The colourful dome homes first came into being in the 1960s and were invented by Dr Dante Bini.
Things go in and out of fashion and it seems Dr Bini's architect son,
Nicolo Bini, has decided it's time to bring back the Binishell. The
versatile structures can be built on a grand scale or made rather small
as they have been used as low-cost housing for refugees and displaced people in the developing world, as well as schools, gyms and sports stadiums.
Over 1,600 Binishells have been built across the globe, including gymnasium-sized shells 120 feet in diameter and Tinky Winky bubble-shaped bungalows in the developing world. Good luck trying to hang the family portrait on the wall!
is kinder to the environment than your average home for many reasons.
When it comes to building one it uses less labour and materials than
more traditional structures.
These cute little round houses are made using a membrane that is inflated and then concrete is poured over it. The Binishell concrete skin is so efficient that it reduces energy use by as much as 75% in comparison to more traditional buildings. It's a warm little bubble.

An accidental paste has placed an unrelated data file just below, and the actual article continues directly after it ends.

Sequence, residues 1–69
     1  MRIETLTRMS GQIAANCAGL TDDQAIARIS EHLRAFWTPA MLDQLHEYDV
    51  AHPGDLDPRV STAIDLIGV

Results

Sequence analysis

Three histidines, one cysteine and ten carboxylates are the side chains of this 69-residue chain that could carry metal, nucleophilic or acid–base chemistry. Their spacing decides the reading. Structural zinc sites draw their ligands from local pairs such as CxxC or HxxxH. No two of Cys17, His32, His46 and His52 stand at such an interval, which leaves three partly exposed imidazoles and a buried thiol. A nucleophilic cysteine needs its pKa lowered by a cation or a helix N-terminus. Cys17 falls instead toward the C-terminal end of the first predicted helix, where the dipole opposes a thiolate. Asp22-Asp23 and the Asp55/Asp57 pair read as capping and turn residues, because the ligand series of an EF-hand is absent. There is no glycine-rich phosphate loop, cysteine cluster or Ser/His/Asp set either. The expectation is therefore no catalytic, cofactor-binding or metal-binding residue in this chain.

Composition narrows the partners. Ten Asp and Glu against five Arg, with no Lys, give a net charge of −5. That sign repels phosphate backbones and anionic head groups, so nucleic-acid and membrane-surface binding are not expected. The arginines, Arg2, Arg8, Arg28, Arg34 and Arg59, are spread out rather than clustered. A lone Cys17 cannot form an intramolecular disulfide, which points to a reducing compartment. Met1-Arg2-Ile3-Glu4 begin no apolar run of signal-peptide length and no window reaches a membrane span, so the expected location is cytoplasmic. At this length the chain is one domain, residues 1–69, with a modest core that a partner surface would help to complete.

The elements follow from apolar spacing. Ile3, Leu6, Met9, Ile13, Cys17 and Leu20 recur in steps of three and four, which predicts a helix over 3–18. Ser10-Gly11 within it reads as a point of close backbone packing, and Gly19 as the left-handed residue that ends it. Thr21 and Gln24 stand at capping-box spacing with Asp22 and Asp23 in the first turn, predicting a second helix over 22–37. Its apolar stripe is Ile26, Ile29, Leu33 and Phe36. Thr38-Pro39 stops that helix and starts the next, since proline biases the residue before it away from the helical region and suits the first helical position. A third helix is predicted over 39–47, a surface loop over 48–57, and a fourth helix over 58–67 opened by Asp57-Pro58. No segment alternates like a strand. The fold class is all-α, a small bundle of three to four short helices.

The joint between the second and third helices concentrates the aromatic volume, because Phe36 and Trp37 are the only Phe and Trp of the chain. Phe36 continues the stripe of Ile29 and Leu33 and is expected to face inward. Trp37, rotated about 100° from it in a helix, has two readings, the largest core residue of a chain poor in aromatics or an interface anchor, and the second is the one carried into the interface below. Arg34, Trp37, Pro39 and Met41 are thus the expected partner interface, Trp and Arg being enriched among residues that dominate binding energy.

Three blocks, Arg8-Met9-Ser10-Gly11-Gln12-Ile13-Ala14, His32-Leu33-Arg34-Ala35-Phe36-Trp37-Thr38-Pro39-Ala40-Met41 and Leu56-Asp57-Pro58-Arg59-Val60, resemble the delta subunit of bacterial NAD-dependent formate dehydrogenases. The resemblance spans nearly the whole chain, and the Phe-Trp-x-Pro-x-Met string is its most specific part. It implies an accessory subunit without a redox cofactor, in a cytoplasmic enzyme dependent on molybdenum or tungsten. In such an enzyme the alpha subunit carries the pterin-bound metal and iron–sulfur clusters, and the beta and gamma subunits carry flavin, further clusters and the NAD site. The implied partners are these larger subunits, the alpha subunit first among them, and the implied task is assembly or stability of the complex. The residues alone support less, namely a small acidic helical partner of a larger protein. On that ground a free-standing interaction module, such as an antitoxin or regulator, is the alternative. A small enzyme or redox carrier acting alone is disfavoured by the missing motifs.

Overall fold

Being kind to nature is a part of these buildings as they are made from concrete, which is one of the more greener construction materials. It means they have a lower carbon footprint. That's sure to have environmentalist's dancing with joy.
The concrete bubble structures won't pop as according to Nicolo, Binishells have withstood the forces of nature on Mount Etna for nearly 50 years.
The domed shape is naturally aerodynamic providing some protection from hurricanes and storms. Yikes! Strong enough to rival the Tubbytronic Superdome, perhaps?
Although you may not have seen one, over 1,600 Binishells have been built in 23 countries. We don't know if Teletubbies reside in them, but maybe they should.
It seems that the Binishell could be the answer to disaster relief situations in developing countries as they are so easy and quick to build, reducing construction schedules by 50% or more. Wowzers!
Before you know it there could be a Binishell near you.
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Heather Young has been Ideal Home’s Editor since late 2020, and Editor-In-Chief since 2023. She is an interiors journalist and editor who’s been working for some of the UK’s leading interiors magazines for over 20 years, both in-house and as a freelancer.
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